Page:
• chevytrucks.org — Specializing in information on 1941–59 Chevrolet trucks; how-to articles, pictures, history, etc.
  • "The Art Deco Series" — This site is dedicated to the history and preservation of the Chevrolet & GMC commercial haulers that were produced just before, during, and just after World War II, 1941–46.
  • OldTruckNetwork.com — The No. ? online information resource for old trucks and politics.

en.wikipedia.org

Chevrolet small-block engine

The Chevrolet small-block engine is a series of automobile V8 engines built by the Chevrolet Division of General Motors using the same basic small (for a US V8 of the time) engine block. Even though the first big-block engines were smaller in displacement than the largest small block engine, the small blocks were almost all under 400 cu in (6.6 L) with most of the big block engines being above that. The small blocks' small physical size also set them apart from their massive physical size cousins, the big blocks. Retroactively referred to as the "Generation I" small-block, it is distinct from subsequent "Generation II" LT and "Generation III/IV" LS, and "Generation V" (LT/EcoTec3) engines. Engineer Ed Cole, who would later become GM President, is credited with leading the design for this engine.

Production of the original small-block began in the fall of 1954 for the 1955 model year with a displacement of 265 cu in (4.3 L), growing incrementally over time to 400 cu in by 1970. Several intermediate displacements appeared over the years, such as the 283 cu in (4.6 L) that was available with mechanical fuel injection, the 327 cu in (5.4 L), as well as the numerous 350 cu in (5.7 L) versions. Introduced as a performance engine in 1967, the 350 went on to be employed in both high- and low-output variants across the entire Chevrolet product line.

Although all of Chevrolet's siblings of the period (Buick, Cadillac, Oldsmobile, Pontiac and Holden) designed their own V8s, it was the Chevrolet 350 cu in small-block that became the GM corporate standard. Over the years, every American General Motors division except Saturn used it and its descendants in their vehicles.[1]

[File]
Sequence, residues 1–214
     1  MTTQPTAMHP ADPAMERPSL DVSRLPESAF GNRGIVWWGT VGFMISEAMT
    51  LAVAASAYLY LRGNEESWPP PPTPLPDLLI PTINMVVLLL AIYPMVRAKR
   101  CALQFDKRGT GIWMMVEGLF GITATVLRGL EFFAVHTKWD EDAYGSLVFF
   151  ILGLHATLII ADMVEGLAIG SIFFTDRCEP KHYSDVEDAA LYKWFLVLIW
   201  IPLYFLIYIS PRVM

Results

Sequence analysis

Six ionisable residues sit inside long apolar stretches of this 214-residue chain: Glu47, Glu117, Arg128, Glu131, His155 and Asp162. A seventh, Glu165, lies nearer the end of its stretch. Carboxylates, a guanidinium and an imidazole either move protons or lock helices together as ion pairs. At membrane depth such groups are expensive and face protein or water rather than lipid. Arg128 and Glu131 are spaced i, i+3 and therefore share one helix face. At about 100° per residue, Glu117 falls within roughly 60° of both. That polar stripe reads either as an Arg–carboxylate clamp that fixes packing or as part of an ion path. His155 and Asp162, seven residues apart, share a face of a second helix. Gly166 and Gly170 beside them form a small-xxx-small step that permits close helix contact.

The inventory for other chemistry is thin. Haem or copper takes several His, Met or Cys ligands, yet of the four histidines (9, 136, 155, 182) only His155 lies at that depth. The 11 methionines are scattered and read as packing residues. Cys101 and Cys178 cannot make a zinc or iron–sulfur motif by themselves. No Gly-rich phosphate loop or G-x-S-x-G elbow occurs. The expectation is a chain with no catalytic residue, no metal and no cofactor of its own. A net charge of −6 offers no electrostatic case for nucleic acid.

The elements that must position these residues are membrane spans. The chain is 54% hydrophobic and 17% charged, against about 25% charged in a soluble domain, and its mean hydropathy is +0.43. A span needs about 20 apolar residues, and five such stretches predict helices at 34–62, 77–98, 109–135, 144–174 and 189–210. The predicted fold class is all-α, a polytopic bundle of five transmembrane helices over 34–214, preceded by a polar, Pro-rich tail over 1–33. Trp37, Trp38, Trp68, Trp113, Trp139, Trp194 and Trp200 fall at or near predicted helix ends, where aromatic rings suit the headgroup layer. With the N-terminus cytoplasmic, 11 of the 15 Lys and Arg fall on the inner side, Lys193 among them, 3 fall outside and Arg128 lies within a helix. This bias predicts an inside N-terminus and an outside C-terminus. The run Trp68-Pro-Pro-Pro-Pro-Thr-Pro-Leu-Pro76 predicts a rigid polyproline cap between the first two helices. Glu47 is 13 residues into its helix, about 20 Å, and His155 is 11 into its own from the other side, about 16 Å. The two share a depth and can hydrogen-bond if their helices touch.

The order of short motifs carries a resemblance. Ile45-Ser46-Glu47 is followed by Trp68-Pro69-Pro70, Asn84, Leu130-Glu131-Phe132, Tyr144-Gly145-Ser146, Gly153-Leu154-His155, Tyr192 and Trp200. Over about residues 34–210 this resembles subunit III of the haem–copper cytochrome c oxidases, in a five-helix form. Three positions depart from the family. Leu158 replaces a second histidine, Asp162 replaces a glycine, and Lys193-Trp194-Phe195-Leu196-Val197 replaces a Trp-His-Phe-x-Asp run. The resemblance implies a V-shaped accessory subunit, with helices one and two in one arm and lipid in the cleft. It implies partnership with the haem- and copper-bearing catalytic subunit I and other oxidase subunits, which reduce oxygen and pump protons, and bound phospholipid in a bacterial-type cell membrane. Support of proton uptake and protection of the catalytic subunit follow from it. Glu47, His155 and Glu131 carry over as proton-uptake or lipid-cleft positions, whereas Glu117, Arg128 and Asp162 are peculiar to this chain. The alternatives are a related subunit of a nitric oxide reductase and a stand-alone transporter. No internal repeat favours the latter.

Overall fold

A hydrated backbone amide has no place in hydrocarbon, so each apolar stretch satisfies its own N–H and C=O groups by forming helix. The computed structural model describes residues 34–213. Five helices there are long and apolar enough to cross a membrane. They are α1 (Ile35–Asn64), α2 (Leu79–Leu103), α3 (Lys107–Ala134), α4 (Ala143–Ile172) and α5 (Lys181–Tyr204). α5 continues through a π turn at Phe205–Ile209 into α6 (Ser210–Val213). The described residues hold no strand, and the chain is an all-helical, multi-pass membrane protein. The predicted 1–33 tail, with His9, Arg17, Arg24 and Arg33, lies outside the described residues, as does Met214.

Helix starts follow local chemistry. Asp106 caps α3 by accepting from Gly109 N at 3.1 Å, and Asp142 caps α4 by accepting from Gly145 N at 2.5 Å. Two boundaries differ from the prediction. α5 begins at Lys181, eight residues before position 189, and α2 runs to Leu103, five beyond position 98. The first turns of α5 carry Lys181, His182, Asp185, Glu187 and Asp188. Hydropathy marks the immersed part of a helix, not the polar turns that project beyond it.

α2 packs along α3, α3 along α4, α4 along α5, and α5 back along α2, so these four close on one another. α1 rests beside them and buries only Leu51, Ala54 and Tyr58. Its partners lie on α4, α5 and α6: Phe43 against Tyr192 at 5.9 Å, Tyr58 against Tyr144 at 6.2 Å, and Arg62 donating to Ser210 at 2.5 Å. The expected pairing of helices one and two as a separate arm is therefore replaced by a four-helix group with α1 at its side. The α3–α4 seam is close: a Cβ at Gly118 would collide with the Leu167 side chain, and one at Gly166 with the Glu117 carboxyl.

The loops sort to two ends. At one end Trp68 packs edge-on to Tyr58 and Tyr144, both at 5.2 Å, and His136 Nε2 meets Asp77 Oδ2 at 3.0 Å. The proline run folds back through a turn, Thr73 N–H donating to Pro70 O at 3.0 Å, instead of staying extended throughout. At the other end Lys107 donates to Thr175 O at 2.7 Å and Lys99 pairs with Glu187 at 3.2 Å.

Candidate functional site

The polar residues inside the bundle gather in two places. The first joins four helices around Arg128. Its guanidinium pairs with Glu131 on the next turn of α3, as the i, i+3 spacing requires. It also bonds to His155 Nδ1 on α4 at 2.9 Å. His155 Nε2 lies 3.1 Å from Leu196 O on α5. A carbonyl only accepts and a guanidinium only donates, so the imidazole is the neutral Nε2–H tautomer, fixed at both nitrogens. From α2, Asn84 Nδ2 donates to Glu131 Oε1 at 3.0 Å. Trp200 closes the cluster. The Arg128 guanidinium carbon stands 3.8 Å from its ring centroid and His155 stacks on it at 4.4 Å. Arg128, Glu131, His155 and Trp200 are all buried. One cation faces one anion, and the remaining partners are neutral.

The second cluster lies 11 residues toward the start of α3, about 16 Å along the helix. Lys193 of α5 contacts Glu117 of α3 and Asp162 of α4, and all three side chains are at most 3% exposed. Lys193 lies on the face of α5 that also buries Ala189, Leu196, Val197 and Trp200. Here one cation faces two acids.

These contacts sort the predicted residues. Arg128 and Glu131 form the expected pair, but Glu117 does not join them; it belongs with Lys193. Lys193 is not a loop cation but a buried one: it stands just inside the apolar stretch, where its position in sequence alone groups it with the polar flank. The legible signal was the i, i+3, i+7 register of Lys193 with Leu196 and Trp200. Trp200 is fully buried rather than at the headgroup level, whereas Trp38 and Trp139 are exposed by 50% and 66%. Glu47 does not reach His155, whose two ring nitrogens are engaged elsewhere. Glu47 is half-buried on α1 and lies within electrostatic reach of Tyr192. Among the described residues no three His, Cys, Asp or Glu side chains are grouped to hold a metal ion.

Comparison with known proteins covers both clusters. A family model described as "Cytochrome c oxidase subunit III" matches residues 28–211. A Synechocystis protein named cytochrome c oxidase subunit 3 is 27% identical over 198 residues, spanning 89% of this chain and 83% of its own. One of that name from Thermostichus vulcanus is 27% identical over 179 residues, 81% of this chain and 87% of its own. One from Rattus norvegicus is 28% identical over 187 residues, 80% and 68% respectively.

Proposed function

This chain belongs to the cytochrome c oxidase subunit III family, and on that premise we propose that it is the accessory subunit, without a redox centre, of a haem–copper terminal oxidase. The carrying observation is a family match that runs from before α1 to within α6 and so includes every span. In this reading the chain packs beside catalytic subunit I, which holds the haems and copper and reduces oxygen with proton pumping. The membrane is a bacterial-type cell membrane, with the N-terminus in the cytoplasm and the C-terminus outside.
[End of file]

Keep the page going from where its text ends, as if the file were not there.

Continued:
Finally superseded by GM's Generation II "LT" and Generation III "LS" V8s in the 1990s and discontinued in 2003, the engine is still made by a GM subsidiary in Mexico as a crate engine for replacement and hot rodding purposes. In all, over 100,000,000 small-blocks (as of November 29, 2011) have been built in carbureted and fuel injected forms since 1955. In many respects, the later Generation II and Generation III engines still in production today for various vehicles still trace some of their design lineage to the "small-block" design concept first laid down by Ed Cole and his team.

The small-block family line was honored as one of the 10 Best Engines of the 20th Century by automotive magazine Ward's AutoWorld.[1]

In February 2008 a Wisconsin businessman reported that his 1991 Chevrolet C1500 pickup had logged over 1 million miles without any major repairs to its small block V8 engine. (Source: The Flint Journal, February 17,2008).

Overview

The first generation of Chevrolet small-blocks began with the 1955 Chevrolet 265 cu in V8 offered in the Corvette and Bel Air. Soon after being introduced, it quickly gained popularity among stock car racers, becoming known as the "Mighty Mouse" motor, after the popular cartoon character of the time, with the simpler "Mouse" becoming much more common as time went on.[2]

By 1957 it had grown to 283 cu in. Fitted with the optional Rochester mechanical fuel injection (FI), it was one of the first production engines to make 1 hp (0.75 kW) per 1 cu in (0.016 L). The 283 would later be extended to other Chevrolet models, replacing the old style 265 V8s.

A high-performance 327 cu in variant followed, turning out as much as 375 hp (280 kW) and increasing horsepower per cubic inch to 1.15 hp (0.86 kW).

It was, however, the 350 cu in series that came to be the best known Chevrolet small-block. Installed in everything from station wagons to sports cars, in commercial vehicles, and even in boats and (in highly modified form) airplanes, it is by far the most widely used small-block of all-time.

Though not offered in GM vehicles since 2003, the 350 cu in series is still in production today at General Motors' Toluca, Mexico plant under the company's "Mr. Goodwrench" brand, and is also manufactured as an industrial and marine engine by GM Powertrain under the Vortec name.

From 1955 to 1974, the small-block engine was known as the "Turbo-Fire" V8.

3.875 in. bore family (1955–1973)

All Chevrolet V8s, from the big-blocks to today's LS7 and LS9, evolved from the 265/283 cu in small-block family. Of the three engines in this family, two of them, the 265 and the 283, have gone down in automotive history. The first of this family was the 265, introduced in 1955. The 265 had a 3.75 in (95.25 mm) bore. The stroke of the 265 was 3.00 in (76.20 mm), like the 283. The 283, famous for being one of the first engines to make one hp per cubic inch, is also famous for being the evolutionary stepping stone that would later give rise to small blocks and to the "W" blocks, ultimately culminating in the Chevrolet big-blocks. The last of this family was the 307 cu in (5.0 L), which was a stroked 283 with a medium journal.